UK endures sharpest wage drop of any developed economy

Fresh research has revealed that no other developed economy has witnessed “such a marked decline” as the UK when it comes to negative wage growth.

This is according to TUC’s latest report on the global economic race published this week, which found that workers in the UK have suffered the biggest fall in real wages compared with workforces from the world’s top ten developed economies.

TUC General Secretary Frances O’Grady said: “This government’s blind obedience to self-defeating austerity has ensured that we are leading the way when it comes to the squeeze on living standards.

“While most countries have suffered periods of negative wage growth, no-one has witnessed such a marked decline as the UK.”

Between 2007 and 2011, real wages fell by 4.5% in the UK, reflecting an even tighter squeeze than the fall witnessed in Italy (-2.7%) and Japan (0.7%).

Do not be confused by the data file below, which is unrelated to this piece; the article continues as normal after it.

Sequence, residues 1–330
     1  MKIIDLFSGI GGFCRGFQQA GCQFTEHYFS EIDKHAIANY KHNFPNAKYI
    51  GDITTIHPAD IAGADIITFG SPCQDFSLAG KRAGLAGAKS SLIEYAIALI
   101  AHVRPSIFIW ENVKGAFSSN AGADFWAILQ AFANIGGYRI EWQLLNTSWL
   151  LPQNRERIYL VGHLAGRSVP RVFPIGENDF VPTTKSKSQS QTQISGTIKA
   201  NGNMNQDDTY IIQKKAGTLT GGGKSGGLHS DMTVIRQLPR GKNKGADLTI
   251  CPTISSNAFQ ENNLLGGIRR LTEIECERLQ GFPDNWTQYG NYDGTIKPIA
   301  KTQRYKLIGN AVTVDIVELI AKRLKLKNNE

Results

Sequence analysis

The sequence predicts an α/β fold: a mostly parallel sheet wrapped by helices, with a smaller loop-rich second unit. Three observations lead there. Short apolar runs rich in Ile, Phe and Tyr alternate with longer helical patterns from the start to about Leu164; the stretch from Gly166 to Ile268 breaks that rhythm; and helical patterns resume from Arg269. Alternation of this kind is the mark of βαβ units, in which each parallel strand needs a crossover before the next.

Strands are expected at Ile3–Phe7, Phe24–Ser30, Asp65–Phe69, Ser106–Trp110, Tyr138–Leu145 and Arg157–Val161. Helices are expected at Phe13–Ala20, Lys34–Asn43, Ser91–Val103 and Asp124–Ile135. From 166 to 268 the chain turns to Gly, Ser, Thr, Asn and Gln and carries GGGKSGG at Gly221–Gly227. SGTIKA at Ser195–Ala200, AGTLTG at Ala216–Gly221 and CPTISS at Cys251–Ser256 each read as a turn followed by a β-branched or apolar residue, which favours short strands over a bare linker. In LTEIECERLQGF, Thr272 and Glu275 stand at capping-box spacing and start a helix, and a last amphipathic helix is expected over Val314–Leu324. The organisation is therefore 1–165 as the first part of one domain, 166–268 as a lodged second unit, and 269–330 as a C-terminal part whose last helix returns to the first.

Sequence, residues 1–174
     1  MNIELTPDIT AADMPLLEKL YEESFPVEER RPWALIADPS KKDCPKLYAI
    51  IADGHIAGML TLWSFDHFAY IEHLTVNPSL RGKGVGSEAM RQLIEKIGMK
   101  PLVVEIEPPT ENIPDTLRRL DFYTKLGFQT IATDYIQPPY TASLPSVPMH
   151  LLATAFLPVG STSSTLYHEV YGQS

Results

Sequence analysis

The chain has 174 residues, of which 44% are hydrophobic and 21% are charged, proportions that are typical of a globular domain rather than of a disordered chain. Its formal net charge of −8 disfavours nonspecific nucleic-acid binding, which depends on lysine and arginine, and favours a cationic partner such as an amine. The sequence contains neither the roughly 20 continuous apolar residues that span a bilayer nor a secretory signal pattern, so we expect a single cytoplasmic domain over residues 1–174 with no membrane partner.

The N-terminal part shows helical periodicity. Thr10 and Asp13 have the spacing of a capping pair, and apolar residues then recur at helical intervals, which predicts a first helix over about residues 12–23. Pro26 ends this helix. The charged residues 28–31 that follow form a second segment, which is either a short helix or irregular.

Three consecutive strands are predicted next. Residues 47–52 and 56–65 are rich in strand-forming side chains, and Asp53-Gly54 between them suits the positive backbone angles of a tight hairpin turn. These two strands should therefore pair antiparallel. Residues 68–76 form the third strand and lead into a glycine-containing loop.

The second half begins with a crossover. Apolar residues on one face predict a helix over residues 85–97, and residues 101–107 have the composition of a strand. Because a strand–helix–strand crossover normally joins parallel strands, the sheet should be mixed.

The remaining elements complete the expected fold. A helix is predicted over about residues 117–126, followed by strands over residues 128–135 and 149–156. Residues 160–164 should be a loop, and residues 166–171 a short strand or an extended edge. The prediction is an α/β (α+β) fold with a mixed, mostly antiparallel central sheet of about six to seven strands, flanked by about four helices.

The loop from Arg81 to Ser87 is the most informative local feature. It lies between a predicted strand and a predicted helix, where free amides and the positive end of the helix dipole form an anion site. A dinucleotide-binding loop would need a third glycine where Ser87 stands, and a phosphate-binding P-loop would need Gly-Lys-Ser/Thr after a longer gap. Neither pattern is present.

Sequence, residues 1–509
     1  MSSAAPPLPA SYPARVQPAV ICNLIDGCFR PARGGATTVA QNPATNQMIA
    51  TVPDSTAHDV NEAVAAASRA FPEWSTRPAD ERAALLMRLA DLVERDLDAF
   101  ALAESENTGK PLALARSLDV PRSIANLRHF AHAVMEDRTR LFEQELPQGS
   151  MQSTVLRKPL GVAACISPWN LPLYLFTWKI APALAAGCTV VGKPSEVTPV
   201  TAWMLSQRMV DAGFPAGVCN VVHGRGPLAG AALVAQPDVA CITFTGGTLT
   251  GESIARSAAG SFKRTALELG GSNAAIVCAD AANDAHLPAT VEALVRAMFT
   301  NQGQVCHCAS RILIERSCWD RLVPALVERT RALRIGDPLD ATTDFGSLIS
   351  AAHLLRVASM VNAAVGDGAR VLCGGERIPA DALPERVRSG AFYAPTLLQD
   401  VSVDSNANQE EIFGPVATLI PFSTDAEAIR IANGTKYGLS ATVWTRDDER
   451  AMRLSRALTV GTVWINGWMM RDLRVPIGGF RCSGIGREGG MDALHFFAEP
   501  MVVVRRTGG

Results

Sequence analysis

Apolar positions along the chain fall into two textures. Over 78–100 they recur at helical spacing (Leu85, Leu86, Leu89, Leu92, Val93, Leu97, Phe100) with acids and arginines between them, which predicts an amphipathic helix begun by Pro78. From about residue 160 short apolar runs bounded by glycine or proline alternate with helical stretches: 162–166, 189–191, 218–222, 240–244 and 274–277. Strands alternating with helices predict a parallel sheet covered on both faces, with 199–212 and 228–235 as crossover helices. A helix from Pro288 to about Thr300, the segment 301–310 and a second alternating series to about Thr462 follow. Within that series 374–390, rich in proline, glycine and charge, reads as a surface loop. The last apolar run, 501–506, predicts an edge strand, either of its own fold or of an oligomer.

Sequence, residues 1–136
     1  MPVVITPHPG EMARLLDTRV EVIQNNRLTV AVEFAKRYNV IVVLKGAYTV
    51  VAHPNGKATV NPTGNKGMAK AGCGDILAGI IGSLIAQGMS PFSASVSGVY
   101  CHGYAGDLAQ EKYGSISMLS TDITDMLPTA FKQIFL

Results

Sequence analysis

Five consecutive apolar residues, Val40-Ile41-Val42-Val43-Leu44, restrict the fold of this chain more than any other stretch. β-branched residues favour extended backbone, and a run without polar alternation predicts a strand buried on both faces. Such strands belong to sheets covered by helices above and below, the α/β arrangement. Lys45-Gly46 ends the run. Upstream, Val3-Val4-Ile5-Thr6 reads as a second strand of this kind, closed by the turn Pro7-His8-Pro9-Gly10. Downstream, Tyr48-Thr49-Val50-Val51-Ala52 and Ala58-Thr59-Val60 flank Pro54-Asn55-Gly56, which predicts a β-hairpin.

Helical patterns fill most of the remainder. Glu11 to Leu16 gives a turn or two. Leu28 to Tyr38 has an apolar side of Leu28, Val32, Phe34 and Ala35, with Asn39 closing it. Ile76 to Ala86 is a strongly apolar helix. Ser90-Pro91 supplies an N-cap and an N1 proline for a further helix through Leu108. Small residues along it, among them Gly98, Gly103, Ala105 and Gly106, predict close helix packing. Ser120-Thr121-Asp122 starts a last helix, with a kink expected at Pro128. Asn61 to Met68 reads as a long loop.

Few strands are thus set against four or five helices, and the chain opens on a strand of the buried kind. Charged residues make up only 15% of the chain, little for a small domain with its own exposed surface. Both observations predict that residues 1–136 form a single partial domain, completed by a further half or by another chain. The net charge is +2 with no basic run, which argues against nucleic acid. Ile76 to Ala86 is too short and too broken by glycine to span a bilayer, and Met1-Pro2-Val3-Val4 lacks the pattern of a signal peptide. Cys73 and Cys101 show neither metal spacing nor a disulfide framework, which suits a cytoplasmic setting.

The bulk of the decline was seen in 2011, the government’s first year in office, as wages decreased by 3.5%. During this period, real wages in the UK declined at nearly twice the rate of Spain, the next worst-performing economy that year.

In a stark contrast to the gloomy financial circumstances of UK workers, wages in Australia and Canada rose by 6.9% and 5.4% respectively.

“Businesses desperately need people to spend money but employees are cutting back as their wages are squeezed. And the public sector, far from making up the gap, is being slashed too,” Ms O’Grady continued.

“Unless we get stronger economic growth with rising real wages consumer spending will remain weak and the economy will continue to flat-line.”

Further analysis of the ‘global race’ by the TUC revealed that the UK is also dragging its heel on exports, GDP growth and manufacturing compared with the majority of its G7 competitors.

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